BUFFALO, N.Y. (AP) — Calling higher education an "economic imperative," President Barack Obama is pushing for an ambitious new government rating system for colleges that would judge schools on affordability and performance and ultimately determine how federal financial aid is distributed.
The rating system, which the president wants implemented before the 2015 school year, would evaluate colleges on several criteria, including average tuition and student loan debt, graduation rates, and the average earning of graduates. Obama says he will ask Congress to link the new rating system to the way federal financial aid is disbursed, with students attending highly-rated schools receiving larger grants and more affordable student loans.
"It's time to stop subsidizing schools that are not producing good results and reward schools that deliver American students of our future," Obama told a crowd of more than 7,000 at the University of Buffalo.
Obama detailed his proposal on the first stop of a two-day bus tour through New York and Pennsylvania. The tour underscores the White House's desire to stay focused on domestic issues, even as foreign policy crises in Egypt and Syria vie for his attention.
Throughout the summer, the White House has been seeking to keep the president's public agenda centered on middle-class economic issues as a way to rally public support for his positions ahead of looming battles in the fall with congressional Republicans over the budget and raising the nation's debt limit. On Thursday, he tried to draw a clear distinction with some of his Republican opponents.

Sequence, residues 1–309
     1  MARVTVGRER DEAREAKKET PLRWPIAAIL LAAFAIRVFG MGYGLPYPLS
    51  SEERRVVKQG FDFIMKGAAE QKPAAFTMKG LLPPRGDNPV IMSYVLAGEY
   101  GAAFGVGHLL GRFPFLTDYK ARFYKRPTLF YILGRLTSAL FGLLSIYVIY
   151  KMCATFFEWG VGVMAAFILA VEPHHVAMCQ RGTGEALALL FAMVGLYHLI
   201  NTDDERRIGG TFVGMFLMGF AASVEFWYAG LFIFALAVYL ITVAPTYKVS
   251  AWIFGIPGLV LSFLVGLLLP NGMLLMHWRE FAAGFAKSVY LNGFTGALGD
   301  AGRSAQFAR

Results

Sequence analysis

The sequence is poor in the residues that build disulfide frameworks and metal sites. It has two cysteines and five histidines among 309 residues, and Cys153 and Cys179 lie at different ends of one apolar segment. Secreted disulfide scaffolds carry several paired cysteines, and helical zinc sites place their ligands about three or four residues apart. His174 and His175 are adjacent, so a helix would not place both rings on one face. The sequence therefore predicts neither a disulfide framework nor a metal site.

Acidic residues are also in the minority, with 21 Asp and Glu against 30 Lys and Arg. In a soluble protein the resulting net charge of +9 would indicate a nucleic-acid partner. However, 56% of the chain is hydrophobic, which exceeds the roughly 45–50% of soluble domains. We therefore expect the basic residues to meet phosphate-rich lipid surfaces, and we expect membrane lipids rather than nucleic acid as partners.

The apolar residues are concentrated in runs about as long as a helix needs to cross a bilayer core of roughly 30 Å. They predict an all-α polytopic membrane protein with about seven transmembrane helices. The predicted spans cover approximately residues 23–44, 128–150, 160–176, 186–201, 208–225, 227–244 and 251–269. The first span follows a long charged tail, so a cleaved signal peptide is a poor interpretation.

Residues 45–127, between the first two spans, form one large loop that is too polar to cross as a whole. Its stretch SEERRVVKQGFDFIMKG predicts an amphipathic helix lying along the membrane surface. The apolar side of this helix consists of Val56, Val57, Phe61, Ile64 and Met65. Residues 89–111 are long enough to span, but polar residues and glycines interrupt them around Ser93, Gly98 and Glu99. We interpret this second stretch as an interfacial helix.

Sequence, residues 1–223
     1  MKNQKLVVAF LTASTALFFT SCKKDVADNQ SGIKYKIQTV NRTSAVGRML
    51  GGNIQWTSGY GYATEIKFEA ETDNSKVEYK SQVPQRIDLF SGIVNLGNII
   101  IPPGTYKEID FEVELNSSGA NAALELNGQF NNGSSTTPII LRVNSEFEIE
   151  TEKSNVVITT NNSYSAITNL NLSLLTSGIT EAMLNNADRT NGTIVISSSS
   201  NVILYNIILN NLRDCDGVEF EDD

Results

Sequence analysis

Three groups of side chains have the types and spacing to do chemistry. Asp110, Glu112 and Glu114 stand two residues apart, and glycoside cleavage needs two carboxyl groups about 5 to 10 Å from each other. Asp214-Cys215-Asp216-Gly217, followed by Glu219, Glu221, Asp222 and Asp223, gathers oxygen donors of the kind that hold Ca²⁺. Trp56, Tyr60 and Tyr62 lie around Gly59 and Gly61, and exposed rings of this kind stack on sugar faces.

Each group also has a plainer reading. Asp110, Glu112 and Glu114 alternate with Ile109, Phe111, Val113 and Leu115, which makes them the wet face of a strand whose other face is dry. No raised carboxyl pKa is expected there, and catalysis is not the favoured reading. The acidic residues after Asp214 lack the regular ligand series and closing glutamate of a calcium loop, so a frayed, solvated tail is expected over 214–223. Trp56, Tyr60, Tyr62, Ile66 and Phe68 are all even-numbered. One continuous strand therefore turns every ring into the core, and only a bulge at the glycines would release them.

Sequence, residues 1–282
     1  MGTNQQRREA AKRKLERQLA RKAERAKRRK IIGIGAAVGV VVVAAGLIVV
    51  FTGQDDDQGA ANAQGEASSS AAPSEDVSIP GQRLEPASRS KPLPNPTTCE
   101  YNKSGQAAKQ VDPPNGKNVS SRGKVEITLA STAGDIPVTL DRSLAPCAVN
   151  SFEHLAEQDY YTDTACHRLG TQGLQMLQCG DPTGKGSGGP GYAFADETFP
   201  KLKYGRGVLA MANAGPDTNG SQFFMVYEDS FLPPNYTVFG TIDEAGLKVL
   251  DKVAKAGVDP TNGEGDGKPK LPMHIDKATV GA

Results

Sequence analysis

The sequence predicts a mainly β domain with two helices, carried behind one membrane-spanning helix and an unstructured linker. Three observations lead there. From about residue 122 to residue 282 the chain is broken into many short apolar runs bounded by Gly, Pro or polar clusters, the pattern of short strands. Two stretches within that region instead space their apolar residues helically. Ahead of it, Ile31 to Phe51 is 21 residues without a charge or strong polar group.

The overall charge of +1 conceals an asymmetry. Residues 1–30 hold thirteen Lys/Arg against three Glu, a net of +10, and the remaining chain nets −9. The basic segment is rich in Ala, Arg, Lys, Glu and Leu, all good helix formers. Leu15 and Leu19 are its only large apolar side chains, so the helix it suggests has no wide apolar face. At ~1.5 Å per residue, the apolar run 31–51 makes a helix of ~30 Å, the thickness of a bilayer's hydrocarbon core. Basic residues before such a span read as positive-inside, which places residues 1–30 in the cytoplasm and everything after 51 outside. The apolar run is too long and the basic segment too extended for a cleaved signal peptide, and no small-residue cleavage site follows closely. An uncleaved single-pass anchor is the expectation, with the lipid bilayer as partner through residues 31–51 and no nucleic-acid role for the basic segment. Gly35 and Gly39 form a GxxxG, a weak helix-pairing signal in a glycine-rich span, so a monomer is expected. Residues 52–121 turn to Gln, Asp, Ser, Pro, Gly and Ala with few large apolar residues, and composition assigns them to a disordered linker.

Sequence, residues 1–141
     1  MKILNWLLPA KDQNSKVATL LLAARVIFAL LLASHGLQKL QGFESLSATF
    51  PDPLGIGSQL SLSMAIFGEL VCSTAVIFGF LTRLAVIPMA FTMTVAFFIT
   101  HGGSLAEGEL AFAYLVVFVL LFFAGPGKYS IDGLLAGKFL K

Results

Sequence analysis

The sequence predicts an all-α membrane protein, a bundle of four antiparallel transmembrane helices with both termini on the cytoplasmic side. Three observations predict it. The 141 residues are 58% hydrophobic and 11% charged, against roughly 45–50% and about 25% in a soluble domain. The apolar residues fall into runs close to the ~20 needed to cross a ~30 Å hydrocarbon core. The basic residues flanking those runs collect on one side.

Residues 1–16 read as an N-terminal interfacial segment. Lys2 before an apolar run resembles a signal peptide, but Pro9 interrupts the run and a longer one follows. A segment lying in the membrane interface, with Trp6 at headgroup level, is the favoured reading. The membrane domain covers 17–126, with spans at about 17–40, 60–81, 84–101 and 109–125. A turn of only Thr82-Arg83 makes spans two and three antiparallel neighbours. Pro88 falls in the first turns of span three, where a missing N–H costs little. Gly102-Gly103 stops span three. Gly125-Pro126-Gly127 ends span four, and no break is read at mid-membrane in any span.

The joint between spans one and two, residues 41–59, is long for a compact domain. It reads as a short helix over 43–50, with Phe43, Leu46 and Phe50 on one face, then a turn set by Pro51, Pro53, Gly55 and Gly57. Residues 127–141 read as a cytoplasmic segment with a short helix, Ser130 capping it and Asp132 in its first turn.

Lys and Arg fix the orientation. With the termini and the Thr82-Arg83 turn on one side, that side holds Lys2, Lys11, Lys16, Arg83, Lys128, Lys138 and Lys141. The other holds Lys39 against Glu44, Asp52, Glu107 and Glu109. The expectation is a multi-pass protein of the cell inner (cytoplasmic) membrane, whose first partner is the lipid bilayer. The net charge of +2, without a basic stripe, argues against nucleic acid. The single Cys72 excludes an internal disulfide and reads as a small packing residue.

"Rather than seeking, keeping focus on a growing economy that creates good middle-class jobs, you know, we've seen a faction of Republicans in Congress suggest that maybe America shouldn't pay its bills that have already been run up, that we should shut down government if they can't shut down Obamacare," Obama said.
Obama said a big part of middle-class security includes fundamentally rethinking how to pay for higher education.
"Higher education cannot be a luxury, it's an economic imperative," he said. "Every American family should be able to get it."
The White House chose the University of Buffalo because it is part of the State University of New York system, which the Obama administration credits as a leader in affordability and innovation. The attention to school costs comes after Obama and Congress recently cooperated on a new law governing student loans. But Obama said loan amounts aren't keeping up with skyrocketing college costs.
Speaking to reporters aboard Air Force One Thursday, Education Secretary Arne Duncan said the middle class needs the security of knowing they can afford to send their kids to college.
"There's a growing sense that college is for the wealthy, for rich folks and not for hard working people who are doing the right thing every day," he said.
The president's plan aims to better inform consumers and provide incentives for colleges and universities.
"We need much greater transparency for the public," Duncan said.
According to Obama administration estimates, average tuition costs at four-year public colleges have more than tripled over the last three decades. The average student loan borrower also graduates with over $26,000 in debt.